IT as a driver of M&A success
7 critical pre-deal IT steps
- Know your systems
The vendor needs to have up-to-date information on all IT assets, costs and initiatives to pre-empt IT being used as leverage in negotiations during pre-deal. Acquirers can only assess IT-related costs if they conduct a thorough due diligence on a vendor's IT environment and organization. In the absence of data, the acquirer will make the assumptions on IT costs, which may affect the purchase price.
- Involve IT early on
Unless the IT team is involved in the entire M&A process, synergy cases will depend on unrealistic benchmark figures and it will be difficult to assess how IT can enable business synergies. Make IT staff aware of what the deal is aiming to achieve and how they can aid in that goal. If a carve-out or integration is involved, bringing all work streams together helps drive out interdependencies between work streams and decisions that affect multiple business functions.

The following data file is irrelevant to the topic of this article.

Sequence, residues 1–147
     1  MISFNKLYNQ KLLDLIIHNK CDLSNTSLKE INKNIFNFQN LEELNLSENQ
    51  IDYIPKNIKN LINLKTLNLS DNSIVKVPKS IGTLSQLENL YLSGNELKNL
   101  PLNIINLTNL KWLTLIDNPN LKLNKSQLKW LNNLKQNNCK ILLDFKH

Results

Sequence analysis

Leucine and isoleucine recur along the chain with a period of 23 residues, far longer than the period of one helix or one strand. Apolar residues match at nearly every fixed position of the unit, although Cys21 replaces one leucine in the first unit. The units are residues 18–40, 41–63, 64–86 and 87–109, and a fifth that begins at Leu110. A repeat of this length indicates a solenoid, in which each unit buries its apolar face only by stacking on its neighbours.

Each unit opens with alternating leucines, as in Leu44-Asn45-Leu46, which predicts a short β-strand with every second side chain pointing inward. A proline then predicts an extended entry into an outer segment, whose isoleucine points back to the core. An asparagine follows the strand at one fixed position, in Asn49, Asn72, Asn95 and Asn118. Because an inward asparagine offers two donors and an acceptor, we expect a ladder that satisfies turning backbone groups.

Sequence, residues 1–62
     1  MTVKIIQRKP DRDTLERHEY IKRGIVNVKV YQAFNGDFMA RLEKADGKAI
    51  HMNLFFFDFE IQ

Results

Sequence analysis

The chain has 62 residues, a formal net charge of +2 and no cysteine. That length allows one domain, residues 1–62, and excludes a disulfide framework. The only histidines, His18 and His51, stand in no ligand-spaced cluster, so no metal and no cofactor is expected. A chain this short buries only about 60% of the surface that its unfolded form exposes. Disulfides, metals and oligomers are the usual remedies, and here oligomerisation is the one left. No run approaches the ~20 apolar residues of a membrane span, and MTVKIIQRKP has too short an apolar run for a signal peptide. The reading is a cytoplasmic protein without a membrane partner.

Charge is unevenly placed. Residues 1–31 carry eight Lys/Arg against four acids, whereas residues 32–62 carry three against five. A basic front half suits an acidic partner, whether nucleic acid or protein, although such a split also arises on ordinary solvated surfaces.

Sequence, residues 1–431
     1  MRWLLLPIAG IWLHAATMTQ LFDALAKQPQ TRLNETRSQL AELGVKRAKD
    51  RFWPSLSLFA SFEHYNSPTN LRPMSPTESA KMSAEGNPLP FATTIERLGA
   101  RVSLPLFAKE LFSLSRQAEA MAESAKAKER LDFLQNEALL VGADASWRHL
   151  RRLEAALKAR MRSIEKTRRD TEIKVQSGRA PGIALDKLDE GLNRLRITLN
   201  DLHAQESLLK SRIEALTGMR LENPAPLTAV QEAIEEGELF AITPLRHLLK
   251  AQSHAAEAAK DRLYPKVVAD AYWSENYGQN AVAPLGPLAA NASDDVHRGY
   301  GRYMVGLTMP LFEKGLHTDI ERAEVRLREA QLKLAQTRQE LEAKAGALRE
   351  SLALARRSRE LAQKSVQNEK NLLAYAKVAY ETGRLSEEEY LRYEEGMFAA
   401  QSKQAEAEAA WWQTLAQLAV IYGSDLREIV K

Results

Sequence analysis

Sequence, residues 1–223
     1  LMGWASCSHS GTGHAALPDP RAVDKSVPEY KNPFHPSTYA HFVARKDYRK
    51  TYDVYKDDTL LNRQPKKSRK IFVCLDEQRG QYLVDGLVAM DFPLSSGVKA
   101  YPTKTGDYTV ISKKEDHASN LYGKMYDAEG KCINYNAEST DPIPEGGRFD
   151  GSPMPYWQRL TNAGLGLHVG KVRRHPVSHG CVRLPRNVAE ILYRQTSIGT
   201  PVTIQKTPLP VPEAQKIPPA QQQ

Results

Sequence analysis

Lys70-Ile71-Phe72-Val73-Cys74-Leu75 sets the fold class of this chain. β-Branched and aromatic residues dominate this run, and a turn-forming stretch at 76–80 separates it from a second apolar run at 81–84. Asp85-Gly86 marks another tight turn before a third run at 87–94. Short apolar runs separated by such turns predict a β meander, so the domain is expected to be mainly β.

- Communicate deal objectives and synergy case
IT teams should not work in a vacuum. They need to understand the strategic rationale for the transaction to know where to focus diligence.
- Plan for final goals
Management and IT need to create a template for the ideal system to fulfill the merged companies' needs. Following a plan will focus on potential savings without affecting the end game.
- Plan for day one with a view to day one-hundred
Ensure that there is a solid foundation for the company to operate under from day one of new ownership. In some cases, due to immediate cost‑ cutting programs, important IT staff have been laid off during the first week of the transaction, resulting in a lack of expertise around important systems.
- Create a migration strategy
Legacy systems are one of the hardest aspects to confront after a merger. M&A directors should ensure that legacy system operators will be on board post-deal. Replacing knowledge of these systems can be expensive or even impossible.
- Transitional Service Agreements (TSA)
Continuity of business is key and therefore identifying IT services, the costs and levels of support needed post-deal is essential for planning and negotiating TSAs with vendors.
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